Visual artist Speak Cryptic's characters - drawn in clean black lines, heads crowned with anything from thorns and brambles to bandanas screaming slogans - have always been two-dimensional drawings trapped on paper and brick. But they are poised to make their escape, with the help of members of the public.
For the first time, the Singapore artist's black-and-white characters will come to life, weaving their way through the crowds as part of The O.P.E.N. About 100 participants selected from open auditions will join Speak Cryptic's The Tribe. The performance is one of four anchor pieces planned for Club Malam, an evening of interweaving performances.
"I'm doing this because there's this need to belong," says the 35-year- old bachelor, whose real name is Farizwan Fajari. "A lot of people are trying to fit into groups that are not really them. They're just trying to be the best version of who they think they should be, when I think you should just be yourself and find people who like you for you."
Performers will dress in black or white and wear headbands that shroud their faces - a characteristic of his recent work. The idea, he says, is to let his characters loose on the crowd and engage in different activities. One, for instance, will go around plastering tape over the brand-name accessories people are toting. He says: "It will seem like everyone is brandless, not representing a lifestyle. We're just being."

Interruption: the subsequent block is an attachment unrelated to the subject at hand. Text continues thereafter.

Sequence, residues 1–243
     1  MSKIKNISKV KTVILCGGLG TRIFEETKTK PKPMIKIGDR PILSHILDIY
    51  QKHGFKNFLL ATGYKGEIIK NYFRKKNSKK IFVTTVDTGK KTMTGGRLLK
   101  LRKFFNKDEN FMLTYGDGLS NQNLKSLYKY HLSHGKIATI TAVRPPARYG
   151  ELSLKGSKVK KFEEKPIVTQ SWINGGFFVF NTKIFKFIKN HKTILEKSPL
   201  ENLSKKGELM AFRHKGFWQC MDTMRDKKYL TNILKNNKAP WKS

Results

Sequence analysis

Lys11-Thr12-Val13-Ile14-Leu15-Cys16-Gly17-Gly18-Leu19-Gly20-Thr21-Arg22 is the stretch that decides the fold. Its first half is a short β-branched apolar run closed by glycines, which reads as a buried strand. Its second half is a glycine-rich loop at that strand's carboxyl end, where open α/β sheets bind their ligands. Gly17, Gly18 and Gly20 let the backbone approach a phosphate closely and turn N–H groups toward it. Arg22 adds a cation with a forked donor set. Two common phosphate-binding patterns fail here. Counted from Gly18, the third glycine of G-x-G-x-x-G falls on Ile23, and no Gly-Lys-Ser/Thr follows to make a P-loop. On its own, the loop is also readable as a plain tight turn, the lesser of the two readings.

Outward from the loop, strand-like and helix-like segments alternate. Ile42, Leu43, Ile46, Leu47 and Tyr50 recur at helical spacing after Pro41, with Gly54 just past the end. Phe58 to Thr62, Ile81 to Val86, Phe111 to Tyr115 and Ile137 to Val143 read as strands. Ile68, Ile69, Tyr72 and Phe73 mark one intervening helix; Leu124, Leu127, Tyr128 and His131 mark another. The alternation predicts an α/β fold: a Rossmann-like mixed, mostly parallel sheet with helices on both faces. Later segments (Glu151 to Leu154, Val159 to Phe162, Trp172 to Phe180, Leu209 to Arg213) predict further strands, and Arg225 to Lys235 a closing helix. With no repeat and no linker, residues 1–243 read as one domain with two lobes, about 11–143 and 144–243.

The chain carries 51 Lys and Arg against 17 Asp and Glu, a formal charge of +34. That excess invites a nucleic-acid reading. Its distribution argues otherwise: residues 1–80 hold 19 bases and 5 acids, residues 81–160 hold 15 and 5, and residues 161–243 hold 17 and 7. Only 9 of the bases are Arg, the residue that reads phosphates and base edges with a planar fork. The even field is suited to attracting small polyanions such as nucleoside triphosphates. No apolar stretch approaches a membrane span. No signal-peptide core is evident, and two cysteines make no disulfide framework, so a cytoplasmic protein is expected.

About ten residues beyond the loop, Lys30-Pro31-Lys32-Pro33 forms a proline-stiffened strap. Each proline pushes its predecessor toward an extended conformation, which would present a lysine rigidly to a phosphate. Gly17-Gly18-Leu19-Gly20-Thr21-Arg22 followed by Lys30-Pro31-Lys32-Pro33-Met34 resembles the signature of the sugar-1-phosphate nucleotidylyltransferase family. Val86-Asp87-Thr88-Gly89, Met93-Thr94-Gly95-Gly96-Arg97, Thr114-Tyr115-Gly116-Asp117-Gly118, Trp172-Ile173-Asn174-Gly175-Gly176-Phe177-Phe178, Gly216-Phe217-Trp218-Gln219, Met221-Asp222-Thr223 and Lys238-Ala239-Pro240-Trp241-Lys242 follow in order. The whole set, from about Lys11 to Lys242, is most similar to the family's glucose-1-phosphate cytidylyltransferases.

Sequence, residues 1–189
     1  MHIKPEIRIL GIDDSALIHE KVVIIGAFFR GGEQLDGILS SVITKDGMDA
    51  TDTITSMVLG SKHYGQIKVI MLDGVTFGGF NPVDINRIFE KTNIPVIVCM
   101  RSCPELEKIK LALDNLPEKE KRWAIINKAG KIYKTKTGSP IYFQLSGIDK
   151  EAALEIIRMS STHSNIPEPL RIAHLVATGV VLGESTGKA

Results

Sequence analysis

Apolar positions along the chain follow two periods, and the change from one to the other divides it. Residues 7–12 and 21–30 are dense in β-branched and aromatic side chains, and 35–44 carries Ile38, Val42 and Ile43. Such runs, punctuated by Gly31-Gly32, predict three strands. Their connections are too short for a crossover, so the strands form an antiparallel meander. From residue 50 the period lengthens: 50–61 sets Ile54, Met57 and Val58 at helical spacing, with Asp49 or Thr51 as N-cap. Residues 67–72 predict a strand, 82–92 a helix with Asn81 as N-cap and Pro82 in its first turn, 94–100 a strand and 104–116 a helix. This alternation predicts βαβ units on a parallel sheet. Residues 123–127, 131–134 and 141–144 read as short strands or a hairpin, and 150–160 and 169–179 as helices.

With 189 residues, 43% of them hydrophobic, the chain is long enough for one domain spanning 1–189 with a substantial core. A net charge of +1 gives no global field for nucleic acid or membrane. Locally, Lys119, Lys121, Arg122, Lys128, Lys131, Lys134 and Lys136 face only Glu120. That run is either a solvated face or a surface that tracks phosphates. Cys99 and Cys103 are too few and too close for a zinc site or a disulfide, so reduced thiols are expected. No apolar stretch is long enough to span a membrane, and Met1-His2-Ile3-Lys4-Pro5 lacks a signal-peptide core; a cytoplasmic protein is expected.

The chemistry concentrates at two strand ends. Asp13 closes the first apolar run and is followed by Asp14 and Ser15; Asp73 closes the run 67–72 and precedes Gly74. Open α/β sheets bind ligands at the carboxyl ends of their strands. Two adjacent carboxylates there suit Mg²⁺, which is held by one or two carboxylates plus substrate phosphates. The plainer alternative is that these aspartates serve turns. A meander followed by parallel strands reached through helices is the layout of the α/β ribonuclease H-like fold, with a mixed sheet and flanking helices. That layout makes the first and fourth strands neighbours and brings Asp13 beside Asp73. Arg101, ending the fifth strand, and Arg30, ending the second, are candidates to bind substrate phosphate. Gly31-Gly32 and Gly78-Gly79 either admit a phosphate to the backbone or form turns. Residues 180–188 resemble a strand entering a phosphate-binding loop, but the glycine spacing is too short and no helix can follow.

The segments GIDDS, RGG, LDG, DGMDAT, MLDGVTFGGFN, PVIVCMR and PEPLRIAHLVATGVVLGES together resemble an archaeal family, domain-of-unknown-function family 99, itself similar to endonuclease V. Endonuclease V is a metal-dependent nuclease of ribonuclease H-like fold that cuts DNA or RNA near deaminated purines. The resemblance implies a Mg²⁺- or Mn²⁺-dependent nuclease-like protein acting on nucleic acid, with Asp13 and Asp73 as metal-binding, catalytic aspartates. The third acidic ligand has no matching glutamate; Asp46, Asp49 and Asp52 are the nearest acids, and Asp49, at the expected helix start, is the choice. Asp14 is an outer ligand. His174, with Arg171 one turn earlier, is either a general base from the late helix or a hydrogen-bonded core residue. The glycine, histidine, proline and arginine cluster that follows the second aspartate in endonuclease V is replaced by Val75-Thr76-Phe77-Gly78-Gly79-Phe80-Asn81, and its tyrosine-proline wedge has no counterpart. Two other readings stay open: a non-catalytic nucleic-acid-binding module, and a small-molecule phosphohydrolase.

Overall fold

The idea to breathe life into his characters surfaced about six years ago. "I was thinking one day that it would be interesting to see my characters come to life. So I joked about it with my friend, who started impersonating my characters," he recalls. "That started the process of thinking that maybe I should do this. But I didn't know where to start."
The idea sat on the backburner until last year, when he was roped into Singapore: Inside Out, a travelling arts showcase that united Singapore artists across different disciplines, from theatre to fashion.
Actress Noorlinah Mohamed, who had been part of the showcase, later asked if he would be interested in being part of The O.P.E.N., which she is director of.
That gave him the opportunity to step into the world of theatre, which is unfamiliar ground for him. "Being a visual artist, I'm usually working by myself late at night. But being out there, working with people and them taking an interest in what I have to say, I think that openness is something I can take away, " he says.
His artwork has now travelled around the world and one of his murals is on the walls of contemporary art centre Palais de Tokyo in Paris, France. But the journey has been riddled with uncertainty.
"I fell in love with the idea of being an artist first before I wanted to be an artist," he says.
At age eight, he told his mum he wanted to be a comic artist, an architect, a grass-cutter or "a guy who wraps fish in the market". He says: "I was fascinated with the sounds of the market. When you wrap the fish, it's so poetic. Even grass-cutting - I was waiting at the bus stop the other day and someone was cutting grass. I took a video of it, like 'This is so cool.'"
He enrolled in the Nanyang Academy of Fine Arts in 1998 when he was 18, but it was a struggle for a teen who went to school "wanting to be an artist, but not necessarily ready to do the work". He did not graduate.
But national service gave him time to think about where he was headed.
In 2005, he started drawing his characters, staying away from colour due to his partial colour blindness, which makes it hard to tell shades apart, and to keep costs down. These characters - his exploration of culture and identity - were posted online and gained a following. He also headed to Lasalle College of the Arts that year and graduated in 2007.
"I'm grateful that being an artist has provided me with the chance to meet really great people. It wouldn't have happened if I had quit when I was in national service, when I thought about quitting art. Maybe I would have met really great grass-cutters, lah."